Iarms, and synthetic substances are prohibited. Pesticides with diIIerent modes oI action should
be rotated to minimize development oI pesticide resistance.
Naturally derived insecticides allowed Ior use on organic Iarms use include ,cillus
9huri3gie3sis (a bacterial toxin), pyrethrum (a chrysanthemum extract), spinosad (a bacterial
metabolite), neem (a tree extract) and rotenone (a legume root extract). These are sometimes
called green pesticides because they are generally, but not necessarily, saIer and more
environmentally Iriendly than synthetic pesticides. Rotenone and pyrethrum are particularly
controversial because they work by attacking the nervous system, like most conventional
insecticides. Fewer than 10 oI organic Iarmers use these pesticides regularly; one survey Iound
that only 5.3 oI vegetable growers in CaliIornia use rotenone while 1.7 use pyrethrum (Lotter
CLn unlvL8Sl1? MALA?SlA


Naturally derived Iungicides allowed Ior use on organic Iarms include the bacteria ,cillus
sub9ilis and ,cillus pumilus; and the Iungus Trichoderm, h,r:i,3um. These are mainly
eIIective Ior diseases aIIecting roots. Agricultural Research Service scientists have Iound that
caprylic acid, a naturally occurring Iatty acid in milk and coconuts, as well as other natural plant
extracts have antimicrobial characteristics that can help. Compost tea contains a mix oI
beneIicial microbes, which may attack or out-compete certain plant pathogens, but variability
among Iormulations and preparation methods may contribute to inconsistent results or even
dangerous growth oI toxic microbes in compost teas.
Some naturally derived pesticides are not allowed Ior use on organic Iarms. These include
nicotine sulIate, arsenic, and strychnine.
Synthetic pesticides allowed Ior use on organic Iarms include insecticidal soaps and horticultural
oils Ior insect management; and Bordeaux mixture, copper hydroxide and sodium bicarbonate
Ior managing Iungi.
Genetic modification
A key characteristic oI organic Iarming is the rejection oI genetically engineered plants and
animals. On October 19, 1998, participants at IFOAM's 12th ScientiIic ConIerence issued the
Mar del Plata Declaration, where more than 600 delegates Irom over 60 countries voted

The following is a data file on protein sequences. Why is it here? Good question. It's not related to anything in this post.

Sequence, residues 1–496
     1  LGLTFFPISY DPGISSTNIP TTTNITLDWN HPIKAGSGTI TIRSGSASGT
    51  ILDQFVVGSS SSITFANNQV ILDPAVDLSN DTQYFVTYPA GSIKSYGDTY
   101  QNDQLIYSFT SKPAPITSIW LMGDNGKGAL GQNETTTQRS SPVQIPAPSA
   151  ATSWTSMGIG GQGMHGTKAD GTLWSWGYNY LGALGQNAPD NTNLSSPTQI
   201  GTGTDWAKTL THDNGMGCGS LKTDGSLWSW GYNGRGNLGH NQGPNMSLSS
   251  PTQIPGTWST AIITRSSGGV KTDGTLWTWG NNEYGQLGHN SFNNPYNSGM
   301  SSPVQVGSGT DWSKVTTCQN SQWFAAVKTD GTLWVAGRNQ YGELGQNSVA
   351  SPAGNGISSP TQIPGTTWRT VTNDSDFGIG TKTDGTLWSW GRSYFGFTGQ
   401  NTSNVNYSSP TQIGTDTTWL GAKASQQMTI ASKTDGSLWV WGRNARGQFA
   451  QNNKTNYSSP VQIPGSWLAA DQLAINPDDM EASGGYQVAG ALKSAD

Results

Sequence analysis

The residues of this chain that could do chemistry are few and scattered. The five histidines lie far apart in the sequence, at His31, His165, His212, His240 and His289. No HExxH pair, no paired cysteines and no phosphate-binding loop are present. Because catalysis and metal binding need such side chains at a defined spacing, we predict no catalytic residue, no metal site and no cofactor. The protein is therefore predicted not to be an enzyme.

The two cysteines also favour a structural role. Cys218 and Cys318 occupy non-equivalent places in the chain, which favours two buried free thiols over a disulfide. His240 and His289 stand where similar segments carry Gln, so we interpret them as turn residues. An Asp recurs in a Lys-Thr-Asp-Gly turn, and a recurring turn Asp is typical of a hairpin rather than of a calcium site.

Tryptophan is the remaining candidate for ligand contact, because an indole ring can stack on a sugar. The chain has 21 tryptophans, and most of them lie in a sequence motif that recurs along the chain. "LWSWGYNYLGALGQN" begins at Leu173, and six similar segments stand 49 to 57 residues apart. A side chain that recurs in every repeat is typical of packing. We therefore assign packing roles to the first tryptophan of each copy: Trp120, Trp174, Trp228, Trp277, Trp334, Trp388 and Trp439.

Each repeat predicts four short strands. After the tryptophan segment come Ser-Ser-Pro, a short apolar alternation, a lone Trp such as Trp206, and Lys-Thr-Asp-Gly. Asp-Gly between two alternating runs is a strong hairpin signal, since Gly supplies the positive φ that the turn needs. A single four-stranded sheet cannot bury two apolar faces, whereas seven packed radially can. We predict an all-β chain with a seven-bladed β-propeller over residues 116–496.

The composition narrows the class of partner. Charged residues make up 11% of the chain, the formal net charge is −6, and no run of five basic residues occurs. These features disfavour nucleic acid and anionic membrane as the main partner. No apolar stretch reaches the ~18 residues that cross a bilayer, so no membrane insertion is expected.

unanimously to exclude the use oI genetically modiIied organisms in Iood production and
Although opposition to the use oI any transgenic technologies in organic Iarming is strong,
agricultural researchers Luis Herrera-Estrella and Ariel Alvarez-Morales continue to advocate
integration oI transgenic technologies into organic Iarming as the optimal means to sustainable
agriculture, particularly in the developing world. Similarly, some organic Iarmers question the
rationale behind the ban on the use oI genetically engineered seed because they view this kind oI
biotechnology consistent with organic principles.
Although GMOs are excluded Irom organic Iarming, there is concern that the pollen Irom
genetically modiIied crops is increasingly penetrating organic and heirloom seed stocks, making
it diIIicult, iI not impossible, to keep these genomes Irom entering the organic Iood supply.
International trade restrictions limit the availability GMOs to certain countries.
The hazards that genetic modiIication could pose to the environment are hotly contested

CLn unlvL8Sl1? MALA?SlA


O Beecher N.A. e9 ,l. (2002). "Agroecology oI Birds in Organic and Nonorganic
Farmland". Co3ser;,9io3 iology 6: 16211630.
O Bengtsston, J.; Ahnstrom, J.; Weibull, A. (2005). "The eIIects oI organic agriculture on
biodiversity and abundance: a meta-analysis.". Jour3,l of pplied cology 42 (2): 261
O Brown, R.W. (1999b). "Margin/Iield interIaces and small mammals". spec9s of pplied
iology 4: 203210.
O Emsley, John (April 2001). "Going One Better Than Nature". N,9ure 410 (6829): 633
O Fliebach, A.; Oberholzer, H.; Gunst, L.; Mder, P. (2006). "Soil organic matter and
biological soil quality indicators aIter 21 years oI organic and conventional Iarming.".
gricul9ure, cosys9ems ,3d 3;iro3me39 118: 273284.
O Gabriel, D., and Tscharntke, T. (2007) Insect pollinated plants beneIit Irom organic
Iarming. Agriculture, Ecosystems and Environment 118: 43-48
O Hole, D.G.; Perkins, A.J.; Wilson, J.D.; Alexander, I.H.; Grice, P.V.; Evans, A.D. (2005).
"Does organic Iarming beneIit biodiversity?". iologic,l Co3ser;,9io3 122 (1): 113130.
O Ingram, M. (2007). "Biology and Beyond: The Science oI Back to Nature`` Farming in
the United States.". 33,ls of 9he ssoci,9io3 of meric,3 Geogr,phers (2): 298312.
O Kuepper, George and Gegner, Lance. "Organic Crop Production Overview", ATTRA
National Sustainable Agriculture InIormation Service: August 2004.
O o99er, D. (2003). "Org,3ic gricul9ure" (PD). Jour3,l of Sus9,i3,ble gricul9ure
O Paull, John (2006). "The Farm as Organism: The Foundational Idea oI Organic
Agriculture". Jour3,l of io-Dy3,mics T,sm,3i, 83: 1418.
O Perrings et al., C; Jackson, L; Bawa, K; Brussaard, L; Brush, S; Gavin, T; Pascual, U; De
Ruiter, P et al. (2006). "Biodiversity in Agricultural Landscapes: Saving Natural Capital
without Losing Interest". Co3ser;,9io3 iology 20 (2): 263264.
O Smil, Vaclav (2001). 3richi3g 9he ,r9h. ri9: H,ber, C,rl osch, ,3d 9he
Tr,3sform,9io3 of World ood. MIT Press
O van Elsen, T. (2000). "Species diversity as a task Ior organic agriculture in Europe".
gricul9ure, cosys9ems ,3d 3;iro3me39 (1-2): 101109.
4 Wheeler, S.A. (2008). "What inIluences agricultural proIessionals' views towards
organic agriculture?". cologic,l co3omics 6: 145154.
O Wickramasinghe L.P., Harris S., Jones G., Vaughan N. (2003). "Bat activity and species
richness on organic and conventional Iarms: impact oI agricultural intensiIication".
Jour3,l of pplied cology 40: 984993
O Willer, Helga; Kilcher, Lukas (2011). the organic world homepage "The World oI
Organic Agriculture. Statistics and Emerging Trends". Bonn; FiBL, Frick: IFOAM.